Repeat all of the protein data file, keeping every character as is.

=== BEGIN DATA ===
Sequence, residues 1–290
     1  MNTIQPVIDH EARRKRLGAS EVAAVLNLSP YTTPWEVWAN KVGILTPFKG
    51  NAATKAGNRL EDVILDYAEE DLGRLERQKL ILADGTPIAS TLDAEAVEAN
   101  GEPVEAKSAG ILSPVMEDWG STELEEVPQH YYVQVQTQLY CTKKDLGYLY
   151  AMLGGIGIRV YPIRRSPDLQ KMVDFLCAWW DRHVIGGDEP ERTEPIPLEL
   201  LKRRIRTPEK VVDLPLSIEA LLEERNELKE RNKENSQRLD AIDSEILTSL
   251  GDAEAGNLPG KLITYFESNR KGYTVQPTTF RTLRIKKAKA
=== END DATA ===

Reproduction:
Sequence, residues 1–290
     1  MNTIQPVIDH EARRKRLGAS EVAAVLNLSP YTTPWEVWAN KVGILTPFKG
    51  NAATKAGNRL EDVILDYAEE DLGRLERQKL ILADGTPIAS TLDAEAVEAN
   101  GEPVEAKSAG ILSPVMEDWG STELEEVPQH YYVQVQTQLY CTKKDLGYLY
   151  AMLGGIGIRV YPIRRSPDLQ KMVDFLCAWW DRHVIGGDEP ERTEPIPLEL
   201  LKRRIRTPEK VVDLPLSIEA LLEERNELKE RNKENSQRLD AIDSEILTSL
   251  GDAEAGNLPG KLITYFESNR KGYTVQPTTF RTLRIKKAKA